Cover photo credits: Russ Jones (all photos)



“Endangered” means the species lives in the wild in Ontario, but is facing imminent extinction or extirpation.

Date added to the Species at Risk in Ontario List

June 15, 2016

Read the assessment report

What it looks like

The Proud Globelet is a terrestrial snail that is a member of the Polygyridae family. It is a yellowish colour and has a round shell between 15-20 mm in diameter. In comparison to other Polygyridae species, the shell lacks a tooth-like protrusion at the shell opening.

Proud Globelets reach adult size after 1 to 2 years, and have has an estimated life span between 3 to 5 years.

Where it lives

In North America, the Proud Globelet is typically found in wooded hillsides or in ravines. In Ontario the species has been located in a sandy oak forest and a nearby former light industrial area.

Where it’s been found in Ontario

Proud Globelet is found from southwestern Ontario south to Iowa and Missouri and east to Pennsylvania. Freshly dead shells of Proud Globelets were found in Windsor, Ontario in 1992 and 1996. In 2013, empty and weathered shells were found in the same location as in 1992 and 1996. The search found fourteen empty shells that were estimated to be 5 to 15 years old.

What threatens it

The Proud Globelet is affected by human impacts which include: pollution, garbage accumulation, intensive recreational usage, changes to soil composition, and hydrology. Other factors that could impact the population include: the alteration of the soil nutrient cycle, reduction of leaf litter, and inter-specific competition that occurs by introducing new species, such as plants, earthworms, and other gastropods.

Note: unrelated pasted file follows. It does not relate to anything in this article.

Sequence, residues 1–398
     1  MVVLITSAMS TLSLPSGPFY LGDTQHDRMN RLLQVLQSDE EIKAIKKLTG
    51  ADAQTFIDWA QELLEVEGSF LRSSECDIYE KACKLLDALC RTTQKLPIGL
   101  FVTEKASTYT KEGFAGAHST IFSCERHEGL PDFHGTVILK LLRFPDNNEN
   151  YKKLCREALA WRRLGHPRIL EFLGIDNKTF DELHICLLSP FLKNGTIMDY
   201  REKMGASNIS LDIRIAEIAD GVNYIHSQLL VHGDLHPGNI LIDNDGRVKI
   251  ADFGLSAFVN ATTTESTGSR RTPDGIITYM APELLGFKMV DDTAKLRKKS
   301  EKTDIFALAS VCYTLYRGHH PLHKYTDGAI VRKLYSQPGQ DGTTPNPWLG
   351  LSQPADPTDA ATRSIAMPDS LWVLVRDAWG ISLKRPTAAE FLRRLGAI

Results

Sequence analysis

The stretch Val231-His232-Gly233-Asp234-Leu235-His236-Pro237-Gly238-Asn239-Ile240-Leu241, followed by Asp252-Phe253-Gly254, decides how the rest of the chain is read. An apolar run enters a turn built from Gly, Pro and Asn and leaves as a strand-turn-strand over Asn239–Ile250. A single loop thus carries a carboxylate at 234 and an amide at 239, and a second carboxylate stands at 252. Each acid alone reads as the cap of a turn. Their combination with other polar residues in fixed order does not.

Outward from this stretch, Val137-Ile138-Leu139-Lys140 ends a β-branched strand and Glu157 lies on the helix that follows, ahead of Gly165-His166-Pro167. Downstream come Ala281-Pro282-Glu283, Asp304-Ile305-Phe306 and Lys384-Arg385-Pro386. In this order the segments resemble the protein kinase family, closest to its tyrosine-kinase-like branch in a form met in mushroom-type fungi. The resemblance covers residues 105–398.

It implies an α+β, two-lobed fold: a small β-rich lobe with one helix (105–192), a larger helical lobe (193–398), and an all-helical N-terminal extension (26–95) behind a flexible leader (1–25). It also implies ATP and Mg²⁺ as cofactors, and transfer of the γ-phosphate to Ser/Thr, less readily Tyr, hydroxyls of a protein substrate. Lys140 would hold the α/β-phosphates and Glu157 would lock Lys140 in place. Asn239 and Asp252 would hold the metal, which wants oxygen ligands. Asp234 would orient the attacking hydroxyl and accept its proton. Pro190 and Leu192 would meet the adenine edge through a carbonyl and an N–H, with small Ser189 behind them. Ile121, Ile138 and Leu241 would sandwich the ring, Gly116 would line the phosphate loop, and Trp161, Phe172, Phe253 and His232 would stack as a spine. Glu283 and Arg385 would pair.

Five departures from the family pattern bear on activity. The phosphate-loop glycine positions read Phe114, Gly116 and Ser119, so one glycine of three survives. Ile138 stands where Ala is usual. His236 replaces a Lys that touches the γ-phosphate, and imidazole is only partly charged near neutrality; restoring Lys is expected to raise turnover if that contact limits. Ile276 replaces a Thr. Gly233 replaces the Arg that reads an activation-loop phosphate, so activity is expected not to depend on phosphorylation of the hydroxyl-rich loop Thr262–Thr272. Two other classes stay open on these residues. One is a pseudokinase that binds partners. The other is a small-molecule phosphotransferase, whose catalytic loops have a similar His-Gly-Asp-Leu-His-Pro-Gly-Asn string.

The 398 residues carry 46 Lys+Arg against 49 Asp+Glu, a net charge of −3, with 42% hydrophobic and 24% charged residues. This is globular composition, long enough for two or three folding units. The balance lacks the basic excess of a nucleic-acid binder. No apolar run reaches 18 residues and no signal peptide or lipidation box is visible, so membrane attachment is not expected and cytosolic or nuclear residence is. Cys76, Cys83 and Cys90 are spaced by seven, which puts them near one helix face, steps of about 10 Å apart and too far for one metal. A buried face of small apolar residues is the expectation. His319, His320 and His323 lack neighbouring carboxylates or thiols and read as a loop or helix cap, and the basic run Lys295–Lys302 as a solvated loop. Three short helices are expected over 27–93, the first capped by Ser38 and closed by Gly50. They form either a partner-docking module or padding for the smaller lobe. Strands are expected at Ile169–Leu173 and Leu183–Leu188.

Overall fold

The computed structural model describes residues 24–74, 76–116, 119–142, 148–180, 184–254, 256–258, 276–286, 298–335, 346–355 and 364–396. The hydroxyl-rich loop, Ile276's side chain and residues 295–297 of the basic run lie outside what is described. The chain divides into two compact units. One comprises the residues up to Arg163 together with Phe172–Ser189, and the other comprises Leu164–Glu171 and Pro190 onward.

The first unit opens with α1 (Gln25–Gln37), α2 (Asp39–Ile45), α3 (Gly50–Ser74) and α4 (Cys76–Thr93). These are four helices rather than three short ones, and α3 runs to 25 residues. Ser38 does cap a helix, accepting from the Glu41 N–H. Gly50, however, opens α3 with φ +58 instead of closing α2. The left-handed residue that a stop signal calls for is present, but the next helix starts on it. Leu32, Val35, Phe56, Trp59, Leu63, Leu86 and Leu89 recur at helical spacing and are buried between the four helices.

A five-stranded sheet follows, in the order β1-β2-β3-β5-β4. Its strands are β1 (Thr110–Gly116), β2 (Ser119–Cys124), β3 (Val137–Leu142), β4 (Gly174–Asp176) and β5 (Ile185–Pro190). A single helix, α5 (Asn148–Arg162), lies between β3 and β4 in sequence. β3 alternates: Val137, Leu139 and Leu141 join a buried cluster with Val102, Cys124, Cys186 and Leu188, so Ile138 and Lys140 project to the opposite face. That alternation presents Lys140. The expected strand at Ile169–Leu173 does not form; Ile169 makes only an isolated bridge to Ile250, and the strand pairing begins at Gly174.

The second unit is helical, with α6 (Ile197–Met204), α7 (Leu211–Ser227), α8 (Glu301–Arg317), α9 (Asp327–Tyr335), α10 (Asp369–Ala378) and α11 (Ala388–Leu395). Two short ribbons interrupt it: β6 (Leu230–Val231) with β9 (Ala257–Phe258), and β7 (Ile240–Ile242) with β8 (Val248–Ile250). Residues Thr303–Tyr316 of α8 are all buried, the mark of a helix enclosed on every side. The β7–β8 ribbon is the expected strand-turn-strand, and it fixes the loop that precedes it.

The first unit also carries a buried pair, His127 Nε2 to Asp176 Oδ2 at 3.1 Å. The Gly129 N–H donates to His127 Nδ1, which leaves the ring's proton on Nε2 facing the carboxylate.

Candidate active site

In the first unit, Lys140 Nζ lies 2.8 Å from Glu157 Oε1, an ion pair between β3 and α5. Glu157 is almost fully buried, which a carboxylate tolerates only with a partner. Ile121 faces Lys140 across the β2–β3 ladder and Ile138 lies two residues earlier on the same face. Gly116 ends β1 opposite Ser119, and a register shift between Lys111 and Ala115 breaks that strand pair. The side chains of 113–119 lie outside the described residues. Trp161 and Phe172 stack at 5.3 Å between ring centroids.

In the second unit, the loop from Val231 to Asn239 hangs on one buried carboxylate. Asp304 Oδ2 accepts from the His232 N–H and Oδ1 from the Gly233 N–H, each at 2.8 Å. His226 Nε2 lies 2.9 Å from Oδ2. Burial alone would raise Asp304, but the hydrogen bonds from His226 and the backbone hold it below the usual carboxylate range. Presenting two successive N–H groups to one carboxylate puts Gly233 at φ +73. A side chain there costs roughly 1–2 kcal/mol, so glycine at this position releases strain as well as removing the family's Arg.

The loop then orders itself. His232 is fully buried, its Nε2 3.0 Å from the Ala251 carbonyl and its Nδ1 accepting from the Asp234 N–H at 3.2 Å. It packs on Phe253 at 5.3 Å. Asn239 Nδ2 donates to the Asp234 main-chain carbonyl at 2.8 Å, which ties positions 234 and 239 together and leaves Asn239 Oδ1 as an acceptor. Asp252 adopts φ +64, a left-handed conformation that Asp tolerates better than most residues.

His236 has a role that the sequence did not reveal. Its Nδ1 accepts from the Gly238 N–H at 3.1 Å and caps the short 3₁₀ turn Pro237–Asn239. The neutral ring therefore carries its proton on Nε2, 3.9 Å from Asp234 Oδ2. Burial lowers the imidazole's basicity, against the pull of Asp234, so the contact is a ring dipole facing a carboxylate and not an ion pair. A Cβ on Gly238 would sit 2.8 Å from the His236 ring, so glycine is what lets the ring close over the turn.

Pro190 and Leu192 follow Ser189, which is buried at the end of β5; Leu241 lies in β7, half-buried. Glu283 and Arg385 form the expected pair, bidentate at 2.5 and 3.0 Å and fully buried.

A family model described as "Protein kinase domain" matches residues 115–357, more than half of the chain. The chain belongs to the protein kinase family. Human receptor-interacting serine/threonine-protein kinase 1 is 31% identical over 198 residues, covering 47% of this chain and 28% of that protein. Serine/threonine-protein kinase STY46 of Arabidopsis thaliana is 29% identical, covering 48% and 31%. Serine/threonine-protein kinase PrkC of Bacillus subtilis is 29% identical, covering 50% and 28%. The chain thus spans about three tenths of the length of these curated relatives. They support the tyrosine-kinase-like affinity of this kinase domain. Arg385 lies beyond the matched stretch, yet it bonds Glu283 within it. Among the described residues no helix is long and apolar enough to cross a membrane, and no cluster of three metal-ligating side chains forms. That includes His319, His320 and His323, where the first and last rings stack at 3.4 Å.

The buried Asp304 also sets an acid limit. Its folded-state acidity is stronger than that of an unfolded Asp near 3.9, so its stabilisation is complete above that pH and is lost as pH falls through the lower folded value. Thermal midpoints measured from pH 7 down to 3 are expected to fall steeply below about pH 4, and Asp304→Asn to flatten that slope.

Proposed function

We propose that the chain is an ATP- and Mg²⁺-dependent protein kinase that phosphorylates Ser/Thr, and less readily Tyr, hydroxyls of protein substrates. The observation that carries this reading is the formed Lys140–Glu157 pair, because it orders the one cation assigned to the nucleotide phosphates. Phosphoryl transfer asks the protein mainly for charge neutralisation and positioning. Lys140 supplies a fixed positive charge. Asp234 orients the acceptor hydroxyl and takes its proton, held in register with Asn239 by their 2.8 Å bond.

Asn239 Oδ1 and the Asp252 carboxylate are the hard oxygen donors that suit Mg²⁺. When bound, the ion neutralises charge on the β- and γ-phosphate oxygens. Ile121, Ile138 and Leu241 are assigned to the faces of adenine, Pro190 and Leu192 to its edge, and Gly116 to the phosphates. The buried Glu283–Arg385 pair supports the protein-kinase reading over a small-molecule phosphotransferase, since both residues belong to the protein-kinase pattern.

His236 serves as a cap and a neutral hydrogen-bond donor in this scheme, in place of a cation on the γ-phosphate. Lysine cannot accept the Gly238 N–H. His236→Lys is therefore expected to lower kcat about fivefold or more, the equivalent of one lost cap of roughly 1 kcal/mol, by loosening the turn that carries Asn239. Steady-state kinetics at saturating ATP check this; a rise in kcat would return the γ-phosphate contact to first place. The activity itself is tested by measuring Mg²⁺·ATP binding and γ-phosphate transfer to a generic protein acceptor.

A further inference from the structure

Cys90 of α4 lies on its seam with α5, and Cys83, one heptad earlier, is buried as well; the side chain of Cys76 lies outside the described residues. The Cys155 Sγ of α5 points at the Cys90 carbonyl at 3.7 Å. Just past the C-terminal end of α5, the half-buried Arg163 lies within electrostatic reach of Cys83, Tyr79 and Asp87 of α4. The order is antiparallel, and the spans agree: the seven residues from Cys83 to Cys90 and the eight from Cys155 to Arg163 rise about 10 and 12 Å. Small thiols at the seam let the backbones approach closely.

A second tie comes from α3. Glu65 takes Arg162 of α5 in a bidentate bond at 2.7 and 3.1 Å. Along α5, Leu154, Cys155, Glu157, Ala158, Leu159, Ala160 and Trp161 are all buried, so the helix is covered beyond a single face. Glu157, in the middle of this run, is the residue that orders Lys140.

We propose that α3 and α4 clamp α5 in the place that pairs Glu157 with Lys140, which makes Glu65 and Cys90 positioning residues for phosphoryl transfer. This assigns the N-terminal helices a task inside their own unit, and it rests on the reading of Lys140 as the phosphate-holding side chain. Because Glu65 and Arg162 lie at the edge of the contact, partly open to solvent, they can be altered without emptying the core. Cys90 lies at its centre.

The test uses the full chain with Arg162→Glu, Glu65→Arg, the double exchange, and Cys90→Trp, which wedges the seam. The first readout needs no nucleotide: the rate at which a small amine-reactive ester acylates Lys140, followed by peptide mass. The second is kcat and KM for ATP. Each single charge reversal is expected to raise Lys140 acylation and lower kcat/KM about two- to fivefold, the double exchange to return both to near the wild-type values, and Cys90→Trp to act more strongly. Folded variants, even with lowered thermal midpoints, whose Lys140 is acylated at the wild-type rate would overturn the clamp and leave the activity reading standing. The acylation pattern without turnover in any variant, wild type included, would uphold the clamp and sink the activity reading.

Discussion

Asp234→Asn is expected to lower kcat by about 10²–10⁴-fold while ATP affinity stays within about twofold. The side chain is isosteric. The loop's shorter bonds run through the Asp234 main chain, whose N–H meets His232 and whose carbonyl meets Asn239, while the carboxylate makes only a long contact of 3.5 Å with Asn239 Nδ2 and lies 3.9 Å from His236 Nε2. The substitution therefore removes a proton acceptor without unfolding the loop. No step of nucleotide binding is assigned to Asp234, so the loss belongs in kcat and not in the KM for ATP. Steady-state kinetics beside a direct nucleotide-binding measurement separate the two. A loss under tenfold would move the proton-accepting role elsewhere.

Climate change is also a factor that affects snail population levels. Extreme weather conditions such as heat waves and droughts can pose as a threat to the Proud Globelet.

Action we are taking

Endangered species and their general habitat are automatically protected.

Recovery Strategy

A recovery strategy advises the ministry on ways to ensure healthy numbers of the species return to Ontario.

Read the executive summary and the full document (December 7, 2018).

Government response statement

A government response statement outlines the actions the government intends to take or support to help recover the species.

Read the government response statement (September 5, 2019).

What you can do

Report a sighting

  • The Ministry of Natural Resources and Forestry tracks species at risk such as the Proud Globelet. You can use a handy online form to report your sightings to the Natural Heritage Information Centre. Photographs with specific locations or mapping coordinates are always helpful.


  • Volunteer with your local nature club or provincial park to participate in surveys or stewardship work focused on species at risk.

Be a good steward

  • Private land owners have a very important role to play in species recovery. You may be eligible for stewardship programs that support the protection and recovery of species at risk and their habitats.

Report illegal activity

Quick facts

  • No live individual has ever been found in Ontario. Only empty shells have been recorded.
  • The Proud Globelet might be a carnivore or an herbivore consuming fungi, leaf litter and fresh plant material.
  • Proud Globelets are prone to freezing in the winter or experiencing dehydration in the summer. The species has adopted strategies to survive in extreme temperatures and drought.